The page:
3
struct User {
   bool isActive;
   uint256 userAge;
}

mapping(userId => User) public users;

method 1;

function example(uint256 userId) public {
   User memory user = users[userId];
   
   bool active = user.isActive;
   uint256 age = user.userAge;

   users[userId].isActive = false;
}

method 2;

function example(uint256 userId) public {
   User storage user = users[userId];
   
   bool active = user.isActive;
   uint256 age = user.userAge;

   user.isActive = false;
}

Why method 2 cost less gas even we used storage keyword and get the all values from storage? which one should I use?

3 Answers 3

4

What method 1 does:

  • load full User struct from storage (2 sloads)
  • store User struct in memory (mstore)
  • load user.isActive from memory (mload), store on stack
  • load user.userAge from memory (mload), store on stack

method 2 does:

  • store storage pointer user (stack)
  • load user.isActive (sload), store on stack
  • load user.userAge (sload), store on stack

Storage operations are most costly, then memory, (then calldata), then stack. Method 2 bypasses memory altogether and thus is cheaper.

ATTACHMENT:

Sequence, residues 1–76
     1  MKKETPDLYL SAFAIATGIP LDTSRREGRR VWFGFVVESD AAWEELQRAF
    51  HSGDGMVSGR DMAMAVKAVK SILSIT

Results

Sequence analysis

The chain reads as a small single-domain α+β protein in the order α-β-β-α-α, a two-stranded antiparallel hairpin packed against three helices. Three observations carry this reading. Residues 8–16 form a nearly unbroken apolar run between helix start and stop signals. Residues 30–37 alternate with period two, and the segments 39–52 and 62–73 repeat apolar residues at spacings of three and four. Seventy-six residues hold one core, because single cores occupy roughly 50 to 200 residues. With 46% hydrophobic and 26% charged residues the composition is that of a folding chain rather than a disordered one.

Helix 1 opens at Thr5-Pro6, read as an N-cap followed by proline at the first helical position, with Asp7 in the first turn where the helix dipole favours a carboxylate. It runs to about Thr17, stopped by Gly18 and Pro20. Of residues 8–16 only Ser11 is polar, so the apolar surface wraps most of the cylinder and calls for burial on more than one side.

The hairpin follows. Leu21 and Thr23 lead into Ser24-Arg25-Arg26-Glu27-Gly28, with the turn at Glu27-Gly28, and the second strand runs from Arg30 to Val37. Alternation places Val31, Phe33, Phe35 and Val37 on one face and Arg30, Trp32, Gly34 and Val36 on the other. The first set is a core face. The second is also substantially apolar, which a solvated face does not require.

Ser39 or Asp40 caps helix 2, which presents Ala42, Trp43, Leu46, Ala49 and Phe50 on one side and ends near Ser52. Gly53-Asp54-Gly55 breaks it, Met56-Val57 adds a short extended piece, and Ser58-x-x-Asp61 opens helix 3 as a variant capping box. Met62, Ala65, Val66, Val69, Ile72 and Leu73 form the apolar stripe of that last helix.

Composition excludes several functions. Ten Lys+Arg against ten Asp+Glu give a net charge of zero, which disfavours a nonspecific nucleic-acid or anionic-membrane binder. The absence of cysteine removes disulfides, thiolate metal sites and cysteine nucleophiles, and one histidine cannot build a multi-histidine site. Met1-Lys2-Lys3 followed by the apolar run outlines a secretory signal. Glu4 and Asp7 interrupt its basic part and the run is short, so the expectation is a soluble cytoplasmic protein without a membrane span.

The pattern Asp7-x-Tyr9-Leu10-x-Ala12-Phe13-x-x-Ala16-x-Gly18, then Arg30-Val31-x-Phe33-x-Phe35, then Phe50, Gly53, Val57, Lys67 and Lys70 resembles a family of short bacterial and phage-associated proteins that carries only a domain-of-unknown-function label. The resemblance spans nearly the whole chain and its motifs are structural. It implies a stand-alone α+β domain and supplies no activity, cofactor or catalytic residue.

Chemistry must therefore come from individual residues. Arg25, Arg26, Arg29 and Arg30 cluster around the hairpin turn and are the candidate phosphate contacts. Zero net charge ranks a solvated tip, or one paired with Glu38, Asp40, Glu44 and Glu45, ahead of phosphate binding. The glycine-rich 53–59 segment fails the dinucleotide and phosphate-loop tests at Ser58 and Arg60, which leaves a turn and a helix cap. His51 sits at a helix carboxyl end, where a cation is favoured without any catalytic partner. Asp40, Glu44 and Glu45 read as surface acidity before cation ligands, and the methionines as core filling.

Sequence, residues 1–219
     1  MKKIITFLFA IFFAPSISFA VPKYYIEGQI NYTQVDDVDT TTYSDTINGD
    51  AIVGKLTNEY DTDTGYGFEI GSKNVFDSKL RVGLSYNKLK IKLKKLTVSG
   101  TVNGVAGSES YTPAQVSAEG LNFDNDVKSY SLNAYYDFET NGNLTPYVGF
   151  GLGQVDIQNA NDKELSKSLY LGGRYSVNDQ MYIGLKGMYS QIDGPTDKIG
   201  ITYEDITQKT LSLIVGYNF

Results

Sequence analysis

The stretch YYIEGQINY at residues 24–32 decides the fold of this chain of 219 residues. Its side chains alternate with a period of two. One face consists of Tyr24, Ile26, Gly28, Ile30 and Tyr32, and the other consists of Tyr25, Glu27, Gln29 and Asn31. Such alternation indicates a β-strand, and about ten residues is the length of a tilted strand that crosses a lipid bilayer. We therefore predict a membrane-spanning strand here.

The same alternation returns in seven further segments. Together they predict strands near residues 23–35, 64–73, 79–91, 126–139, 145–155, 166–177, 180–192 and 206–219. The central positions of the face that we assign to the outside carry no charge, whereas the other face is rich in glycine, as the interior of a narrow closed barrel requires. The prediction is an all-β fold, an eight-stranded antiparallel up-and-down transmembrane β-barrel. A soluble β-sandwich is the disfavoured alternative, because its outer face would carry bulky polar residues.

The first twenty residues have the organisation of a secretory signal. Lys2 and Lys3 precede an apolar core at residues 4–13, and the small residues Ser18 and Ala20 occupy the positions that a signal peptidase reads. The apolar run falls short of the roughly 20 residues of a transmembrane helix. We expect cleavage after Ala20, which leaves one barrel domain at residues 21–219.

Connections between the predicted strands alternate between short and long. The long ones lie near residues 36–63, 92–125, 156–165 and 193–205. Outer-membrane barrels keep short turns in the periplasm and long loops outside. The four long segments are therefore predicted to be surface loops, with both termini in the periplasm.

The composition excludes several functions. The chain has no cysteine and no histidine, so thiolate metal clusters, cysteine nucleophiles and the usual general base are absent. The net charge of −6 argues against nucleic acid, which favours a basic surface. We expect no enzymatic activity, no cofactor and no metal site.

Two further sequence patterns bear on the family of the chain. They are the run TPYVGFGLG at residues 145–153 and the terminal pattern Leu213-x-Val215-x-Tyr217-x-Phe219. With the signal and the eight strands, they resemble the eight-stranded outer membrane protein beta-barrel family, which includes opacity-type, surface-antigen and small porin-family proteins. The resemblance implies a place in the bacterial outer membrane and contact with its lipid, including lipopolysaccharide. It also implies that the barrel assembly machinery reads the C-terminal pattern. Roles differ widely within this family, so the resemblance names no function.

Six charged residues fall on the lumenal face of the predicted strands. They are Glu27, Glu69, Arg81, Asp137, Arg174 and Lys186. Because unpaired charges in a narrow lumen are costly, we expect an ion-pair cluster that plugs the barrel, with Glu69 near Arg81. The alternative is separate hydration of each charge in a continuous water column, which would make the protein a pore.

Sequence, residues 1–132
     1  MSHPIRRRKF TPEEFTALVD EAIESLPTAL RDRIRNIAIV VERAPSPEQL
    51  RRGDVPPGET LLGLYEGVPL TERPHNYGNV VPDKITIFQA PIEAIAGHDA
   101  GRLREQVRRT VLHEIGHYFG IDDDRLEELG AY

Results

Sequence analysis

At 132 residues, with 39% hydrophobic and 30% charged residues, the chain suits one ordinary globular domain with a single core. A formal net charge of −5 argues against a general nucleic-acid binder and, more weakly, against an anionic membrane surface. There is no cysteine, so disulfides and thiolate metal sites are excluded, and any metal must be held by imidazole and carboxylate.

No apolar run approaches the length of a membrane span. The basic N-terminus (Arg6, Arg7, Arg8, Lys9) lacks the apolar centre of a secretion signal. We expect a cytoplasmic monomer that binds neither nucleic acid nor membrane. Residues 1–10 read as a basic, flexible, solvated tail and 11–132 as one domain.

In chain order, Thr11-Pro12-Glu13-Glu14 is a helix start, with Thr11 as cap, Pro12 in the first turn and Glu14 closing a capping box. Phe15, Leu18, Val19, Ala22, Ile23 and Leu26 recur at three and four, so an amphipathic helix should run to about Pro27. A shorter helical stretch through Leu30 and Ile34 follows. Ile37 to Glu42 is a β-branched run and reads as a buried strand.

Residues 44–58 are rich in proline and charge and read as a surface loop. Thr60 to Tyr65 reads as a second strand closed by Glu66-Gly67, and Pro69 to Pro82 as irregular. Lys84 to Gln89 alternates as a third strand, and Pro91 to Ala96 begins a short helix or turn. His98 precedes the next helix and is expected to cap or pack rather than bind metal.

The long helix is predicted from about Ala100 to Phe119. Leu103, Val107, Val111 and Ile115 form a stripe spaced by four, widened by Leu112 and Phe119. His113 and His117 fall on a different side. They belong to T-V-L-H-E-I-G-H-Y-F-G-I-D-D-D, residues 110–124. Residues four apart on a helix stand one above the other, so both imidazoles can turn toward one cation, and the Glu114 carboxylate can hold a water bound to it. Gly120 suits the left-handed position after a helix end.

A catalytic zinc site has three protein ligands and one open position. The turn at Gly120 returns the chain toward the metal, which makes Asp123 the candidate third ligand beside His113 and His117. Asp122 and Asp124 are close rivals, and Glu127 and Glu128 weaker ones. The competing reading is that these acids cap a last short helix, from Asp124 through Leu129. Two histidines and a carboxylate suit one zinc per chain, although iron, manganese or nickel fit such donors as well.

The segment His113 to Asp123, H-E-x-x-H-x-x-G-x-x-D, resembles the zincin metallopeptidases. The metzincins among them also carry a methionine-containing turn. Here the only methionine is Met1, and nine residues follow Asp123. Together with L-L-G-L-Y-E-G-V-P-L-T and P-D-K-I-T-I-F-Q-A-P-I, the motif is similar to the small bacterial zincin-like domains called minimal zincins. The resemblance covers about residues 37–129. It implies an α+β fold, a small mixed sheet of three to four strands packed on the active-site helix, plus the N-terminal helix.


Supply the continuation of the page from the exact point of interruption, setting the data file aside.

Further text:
1
  • It looks like I really need to deep dive into low level stuff, thank you. Commented May 18, 2022 at 5:18
0

The 'storage' is used for contract account (address, hashes, amount) related values that are used for function call and transactions. Most actions here cost you some gas. While 'memory' is use to store values for message calls within the contract. expanding 'memory' also will increase cost. 'Stack' is used for computations and can hold 1024 elements.

0

By default, Storage is a suitable data location for both local and state variables. While, data in Memory doesn't persist, thus suitable for function parameters/arguments and cost lesser gas.

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